Seek and You Shall Find

The great sleuths of fiction were sometimes based on real-life versions of the characters. Of course, we have a couple of private eyes in our collection that fit that delineation.


Such is the case with Sir Arthur Conan  Doyle’s Sherlock Holmes. Holmes was inspired by two doctors.  Dr. Joseph Bell, for whom Doyle worked as a clerk at the Edinburgh Royal Infirmary, and Dr. Henry Littlejohn. Both doctors were surgeons of renown in Scotland and were often asked (as a team) to help with murder investigations by the police.

Dr. Joseph Bell
(Credit: Wikicommons)
Dr. Henry Littlejohn
(Credit: Wikicommons)

Dashiell Hammett also took his inspiration from a Scotsman. The Pinkerton Detective Agency was founded by Scottish immigrant Allan Pinkerton in the mid-1800’s. His men were hired as part of a national secret service during the Civil War successfully foiling a plot to kill President Lincoln (we have that book in our collection too! The Hour of Peril) and spying on the Grey Coats.  He was known to have hired female detective agents as early as 1856, when he hired Kate Warne. After the war, they were the prime agency in tracking down outlaws and putting them out of business, including Jesse and Frank James. They eventually expanded into security services as well and were used in many of the mine strikes, typically overhandedly and with tragic results giving the agency a black eye for awhile. In Hammett’s day, the agency was run by Pinkerton’s great-grandson, Robert Pinkerton II and it still exists today.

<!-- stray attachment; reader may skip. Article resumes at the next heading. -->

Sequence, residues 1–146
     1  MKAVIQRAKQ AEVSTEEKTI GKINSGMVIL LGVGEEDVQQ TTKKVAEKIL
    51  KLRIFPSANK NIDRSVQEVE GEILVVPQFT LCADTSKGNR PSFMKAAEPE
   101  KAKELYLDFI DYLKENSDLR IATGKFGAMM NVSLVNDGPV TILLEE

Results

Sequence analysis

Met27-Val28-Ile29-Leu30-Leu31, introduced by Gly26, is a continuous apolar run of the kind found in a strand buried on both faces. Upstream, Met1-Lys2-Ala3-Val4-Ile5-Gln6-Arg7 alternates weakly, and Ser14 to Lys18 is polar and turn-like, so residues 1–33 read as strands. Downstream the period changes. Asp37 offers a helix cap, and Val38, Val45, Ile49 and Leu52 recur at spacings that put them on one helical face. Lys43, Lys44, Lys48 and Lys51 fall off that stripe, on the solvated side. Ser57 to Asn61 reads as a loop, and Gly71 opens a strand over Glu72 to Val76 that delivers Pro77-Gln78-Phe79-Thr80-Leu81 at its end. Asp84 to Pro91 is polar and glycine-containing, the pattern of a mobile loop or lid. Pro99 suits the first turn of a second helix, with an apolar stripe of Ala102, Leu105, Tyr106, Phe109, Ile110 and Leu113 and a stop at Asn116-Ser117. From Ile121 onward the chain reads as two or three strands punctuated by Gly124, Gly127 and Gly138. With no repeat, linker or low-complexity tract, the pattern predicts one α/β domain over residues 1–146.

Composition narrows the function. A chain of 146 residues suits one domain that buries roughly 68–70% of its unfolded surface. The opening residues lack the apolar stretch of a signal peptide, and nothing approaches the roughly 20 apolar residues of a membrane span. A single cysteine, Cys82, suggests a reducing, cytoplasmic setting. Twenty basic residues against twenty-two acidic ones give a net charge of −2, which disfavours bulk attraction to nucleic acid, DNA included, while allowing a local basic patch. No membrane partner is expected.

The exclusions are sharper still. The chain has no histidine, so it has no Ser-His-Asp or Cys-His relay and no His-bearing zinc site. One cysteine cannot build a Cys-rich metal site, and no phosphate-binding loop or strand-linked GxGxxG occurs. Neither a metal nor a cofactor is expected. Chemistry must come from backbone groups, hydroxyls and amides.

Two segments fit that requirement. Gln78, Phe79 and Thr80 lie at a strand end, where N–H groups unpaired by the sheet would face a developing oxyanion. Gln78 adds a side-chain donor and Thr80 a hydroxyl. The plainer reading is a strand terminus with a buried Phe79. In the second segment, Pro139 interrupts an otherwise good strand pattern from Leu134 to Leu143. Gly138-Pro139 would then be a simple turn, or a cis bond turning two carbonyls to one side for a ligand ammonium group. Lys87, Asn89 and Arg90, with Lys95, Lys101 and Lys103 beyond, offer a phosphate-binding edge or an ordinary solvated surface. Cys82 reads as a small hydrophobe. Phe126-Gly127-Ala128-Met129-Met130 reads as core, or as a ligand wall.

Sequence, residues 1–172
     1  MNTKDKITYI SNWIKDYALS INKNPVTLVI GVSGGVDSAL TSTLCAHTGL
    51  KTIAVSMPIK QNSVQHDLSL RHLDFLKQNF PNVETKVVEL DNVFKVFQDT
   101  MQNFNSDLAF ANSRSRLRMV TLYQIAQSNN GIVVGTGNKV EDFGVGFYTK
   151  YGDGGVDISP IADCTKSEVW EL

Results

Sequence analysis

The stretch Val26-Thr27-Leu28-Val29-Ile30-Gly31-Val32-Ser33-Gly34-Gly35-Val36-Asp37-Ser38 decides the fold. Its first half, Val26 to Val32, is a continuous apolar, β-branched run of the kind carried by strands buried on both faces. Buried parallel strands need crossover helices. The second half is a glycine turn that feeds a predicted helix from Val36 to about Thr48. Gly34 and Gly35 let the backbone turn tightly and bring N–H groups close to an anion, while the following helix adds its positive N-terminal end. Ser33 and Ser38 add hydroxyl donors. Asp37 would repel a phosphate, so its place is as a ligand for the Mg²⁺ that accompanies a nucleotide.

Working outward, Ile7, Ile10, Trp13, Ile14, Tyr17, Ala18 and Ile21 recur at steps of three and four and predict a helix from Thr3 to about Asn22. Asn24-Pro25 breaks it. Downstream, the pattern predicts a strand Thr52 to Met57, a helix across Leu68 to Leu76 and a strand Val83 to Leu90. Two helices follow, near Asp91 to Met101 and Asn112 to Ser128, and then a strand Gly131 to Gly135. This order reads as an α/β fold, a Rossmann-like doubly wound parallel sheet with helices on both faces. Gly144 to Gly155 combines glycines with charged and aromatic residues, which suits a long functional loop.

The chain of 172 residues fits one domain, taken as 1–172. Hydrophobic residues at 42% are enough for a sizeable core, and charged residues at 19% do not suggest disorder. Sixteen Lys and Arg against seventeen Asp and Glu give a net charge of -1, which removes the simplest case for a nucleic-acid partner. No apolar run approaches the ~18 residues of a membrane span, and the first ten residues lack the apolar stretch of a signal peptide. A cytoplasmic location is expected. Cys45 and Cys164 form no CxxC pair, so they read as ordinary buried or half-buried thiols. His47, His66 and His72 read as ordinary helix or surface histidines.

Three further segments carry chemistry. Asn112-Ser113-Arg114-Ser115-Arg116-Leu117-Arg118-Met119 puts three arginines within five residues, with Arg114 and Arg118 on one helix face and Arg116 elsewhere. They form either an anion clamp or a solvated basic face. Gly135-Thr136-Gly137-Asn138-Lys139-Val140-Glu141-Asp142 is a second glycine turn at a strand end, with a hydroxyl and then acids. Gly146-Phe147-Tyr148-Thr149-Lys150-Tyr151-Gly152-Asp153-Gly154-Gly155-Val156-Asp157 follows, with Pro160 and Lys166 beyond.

Pinkerton office (Allan’s son William seated) circa 1904
(Credit: Library of Congress)


The poet, the artist, the sleuth-whoever sharpens our perception tends to be antisocial. . . He cannot go along with currents and trends. -Alfred North Whitehead




Arian Osborne
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